Group A and B dogs are both dogs with legs to jump. And when the researchers finally showed the group B dogs they really could change their situation, holding their little legs and teaching them to move, the once helpless dogs did learn to rescue themselves.
You and I are both humans with human bodies and human minds.
And when someone finally showed me that I was allowed to experience and express a full range of emotions, ask for what I want, say what I really feel–I shed a little learned helplessness.
All this to say, you CAN.
Not you can everything. I can’t be on the Yankees team, which is super frustrating.
But you can do that thing–the one you keep wanting to do or trying to do or meaning to do or starting to do or committing to do.
That thing you’ve been remembering each January that you really want to do, and drafting to-do lists and schedules about, and starting, and eventually stopping every time.
Finding that community. Reading those books. Sharing that struggle with a friend. Eating in a way that feels better to your body again. Sticking to those boundaries next time. Sticking with therapy even when it gets too hard. Applying for that new job. Registering for those yoga classes. Cutting back on the Amazon shopping. Reserving more time for your loved ones. Or starting that difficult conversation that makes you a little nauseated.
Do you ever find yourself quick reality-checking a hopeful idea or plan or desire you had? “But you’ve tried that already, and you never stick with it.” Or “You’re just not that person.”
My story about myself includes decades of patterns that dictate to me who I am now–what I could do next, what I couldn’t do next–what my life officially looks like.
Staying up too late.
Being only mildly expressive.
When I was 18, I was a loved and respected participant in a number of churches–they were like my families, and I was the confidant of most of my family members. And I had a best friend. I turned 19 and hopped on a plane to Africa, having that large home of friends and church families to come back to. Then I very suddenly, thoroughly, terrifyingly lost all of it. My family, my church families, even my best friend. Gone.
(Yes, I know I’m the common denominator there, and that’s not a great look. It’s a rough story.)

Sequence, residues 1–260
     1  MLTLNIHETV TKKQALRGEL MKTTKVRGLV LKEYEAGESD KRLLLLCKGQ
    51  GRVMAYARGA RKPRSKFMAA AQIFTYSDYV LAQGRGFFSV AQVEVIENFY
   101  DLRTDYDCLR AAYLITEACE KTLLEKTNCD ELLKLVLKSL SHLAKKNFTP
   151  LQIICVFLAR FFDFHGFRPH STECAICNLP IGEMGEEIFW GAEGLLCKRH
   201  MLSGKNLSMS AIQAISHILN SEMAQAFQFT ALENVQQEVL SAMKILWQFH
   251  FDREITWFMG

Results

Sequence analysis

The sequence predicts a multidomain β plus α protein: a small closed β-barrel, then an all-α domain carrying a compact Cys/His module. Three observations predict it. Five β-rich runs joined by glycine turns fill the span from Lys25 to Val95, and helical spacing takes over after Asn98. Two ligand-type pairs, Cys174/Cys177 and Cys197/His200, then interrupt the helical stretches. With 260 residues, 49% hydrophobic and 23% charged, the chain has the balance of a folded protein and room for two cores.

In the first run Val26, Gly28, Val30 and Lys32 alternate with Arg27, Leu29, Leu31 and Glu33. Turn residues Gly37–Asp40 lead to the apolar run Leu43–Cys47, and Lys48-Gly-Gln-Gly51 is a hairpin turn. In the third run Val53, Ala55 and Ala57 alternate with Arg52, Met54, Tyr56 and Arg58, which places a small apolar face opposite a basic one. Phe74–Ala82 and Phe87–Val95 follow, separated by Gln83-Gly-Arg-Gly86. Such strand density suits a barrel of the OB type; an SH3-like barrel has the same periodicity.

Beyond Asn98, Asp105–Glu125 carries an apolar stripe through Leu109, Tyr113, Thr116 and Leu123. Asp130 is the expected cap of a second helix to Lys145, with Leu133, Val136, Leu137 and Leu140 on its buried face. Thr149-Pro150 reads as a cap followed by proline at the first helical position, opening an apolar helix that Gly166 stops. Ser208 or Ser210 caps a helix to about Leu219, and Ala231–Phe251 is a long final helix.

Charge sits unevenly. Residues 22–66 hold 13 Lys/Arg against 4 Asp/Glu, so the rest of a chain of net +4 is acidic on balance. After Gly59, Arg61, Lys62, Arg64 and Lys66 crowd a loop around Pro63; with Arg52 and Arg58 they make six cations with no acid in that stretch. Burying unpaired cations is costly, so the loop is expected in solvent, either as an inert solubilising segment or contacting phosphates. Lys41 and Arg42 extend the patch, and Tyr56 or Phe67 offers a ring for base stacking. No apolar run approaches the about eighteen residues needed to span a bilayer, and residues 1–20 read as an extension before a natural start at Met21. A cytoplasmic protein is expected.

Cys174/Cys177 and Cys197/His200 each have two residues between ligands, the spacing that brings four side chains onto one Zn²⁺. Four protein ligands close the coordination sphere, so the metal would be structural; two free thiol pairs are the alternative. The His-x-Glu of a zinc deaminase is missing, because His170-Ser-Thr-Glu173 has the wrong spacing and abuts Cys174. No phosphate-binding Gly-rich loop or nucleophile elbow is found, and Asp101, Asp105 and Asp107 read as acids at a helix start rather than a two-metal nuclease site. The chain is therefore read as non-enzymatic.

So in my story there’s this big theme about not getting too close to people, especially communities.
Talk about a powerful theme.
And I’ve stuck to that theme through a whole lot of life.
Stories are powerful.
What’s your theme?
What happened to you?
What’s your brand of helpless?
What’s your story of you?
And what if you aren’t actually trapped in that story?
The assumption that your story has to go a certain way–follow your norm, or any norm–like if you were abused you’ll be anxious, if you struggle with addiction you’ll never stop, if you try to save money you’ll fail–that assumption is a story you’re telling yourself built on powerful experiences you’ve learned from.
But what if you’re the author? And what if, as the author, you can just throw any random new color you want onto the page?
And remember, it’s simple and not simple: The trappedness in our stories is like learned helplessness. And while you may have the same mind and body as the next person–while you have the potential–remember that those dogs actually needed someone to move their legs. The aloner you are, the trappeder you are. So as you decide to change your plot this time, ask someone to help move your legs. A therapist. A bodyworker. A mentor. A friend.
What is your story about you?
And what if you’re the author?
Would you write something different next?
There is power in stepping back and asking what stories we’re trapped in and whether we’d like to re-write them.
What new plotline are you going to write today?